New bombshell reporting this week revealed that Senator David Perdue “engaged in conspicuously timed trading” –– and it’s not the first time. Already in 2020, the wealthy former corporate CEO has come under scrutiny for self-dealing while in office on multiple occasions. Senator Perdue has repeatedly tried to distance himself from the pattern of scandal around his stock portfolio, but he’s refused to provide any documentation to support his office’s claims.
Perdue’s investments are once again under increased scrutiny after a new Daily Beast report yesterday detailed how he bought stock in a defense contractor for the first time as he assumed the role of chairing the subcommittee with jurisdiction over the company’s federal priorities, then helped steer lucrative federal funding towards the same company and made a profit.
Perdue has also come under fire for pushing to water down prepaid debit card rules while buying “stock in a company that stood to benefit from the rollback of those regulations.” And in the early days of the pandemic, Perdue was caught engaging in “heavy trading” beginning the very same day the Senate held a private coronavirus briefing – offloading hundreds of thousands in holdings that lost considerable value when the market tanked, while simultaneously investing in Netflix and “a chemical company that supplies personal protective equipment.” Ethics and law experts have slammed Perdue’s “suspicious trading” and said it “stinks to high heaven.”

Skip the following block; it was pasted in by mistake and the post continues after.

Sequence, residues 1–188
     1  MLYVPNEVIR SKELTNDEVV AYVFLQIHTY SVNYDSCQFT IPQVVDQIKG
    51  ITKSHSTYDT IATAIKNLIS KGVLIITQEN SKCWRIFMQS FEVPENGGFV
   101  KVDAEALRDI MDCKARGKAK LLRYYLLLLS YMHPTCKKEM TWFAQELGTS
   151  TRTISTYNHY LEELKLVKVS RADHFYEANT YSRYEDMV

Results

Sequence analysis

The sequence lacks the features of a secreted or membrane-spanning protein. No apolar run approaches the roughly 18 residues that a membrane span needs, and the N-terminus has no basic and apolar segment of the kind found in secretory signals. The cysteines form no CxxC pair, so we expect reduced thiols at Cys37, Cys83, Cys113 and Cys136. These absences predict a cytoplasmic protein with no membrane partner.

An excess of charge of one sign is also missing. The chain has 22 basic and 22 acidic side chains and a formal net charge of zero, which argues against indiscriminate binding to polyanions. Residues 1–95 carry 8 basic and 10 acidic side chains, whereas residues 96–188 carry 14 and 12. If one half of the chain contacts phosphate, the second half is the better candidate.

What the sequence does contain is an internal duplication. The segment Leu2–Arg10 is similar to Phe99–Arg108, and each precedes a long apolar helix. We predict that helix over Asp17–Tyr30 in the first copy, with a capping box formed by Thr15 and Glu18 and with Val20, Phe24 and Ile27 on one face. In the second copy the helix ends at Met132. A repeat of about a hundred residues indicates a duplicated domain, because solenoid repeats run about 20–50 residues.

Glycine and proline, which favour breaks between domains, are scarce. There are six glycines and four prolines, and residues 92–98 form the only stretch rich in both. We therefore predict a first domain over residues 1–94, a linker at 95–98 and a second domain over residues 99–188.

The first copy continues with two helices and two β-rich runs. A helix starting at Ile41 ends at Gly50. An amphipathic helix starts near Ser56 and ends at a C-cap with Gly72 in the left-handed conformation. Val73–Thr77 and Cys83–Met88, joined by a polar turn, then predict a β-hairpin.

“Time and time again, Senator Perdue has shown that he’s a corrupt D.C. politician who is looking out for himself and his special interest allies instead of his constituents,” said DSCC spokesperson Helen Kalla. “Georgians deserve better than a self-serving senator whose only concern is enriching himself and his corporate cronies.”
Catch up on some of Perdue’s greatest stock trading scandals from the past year:
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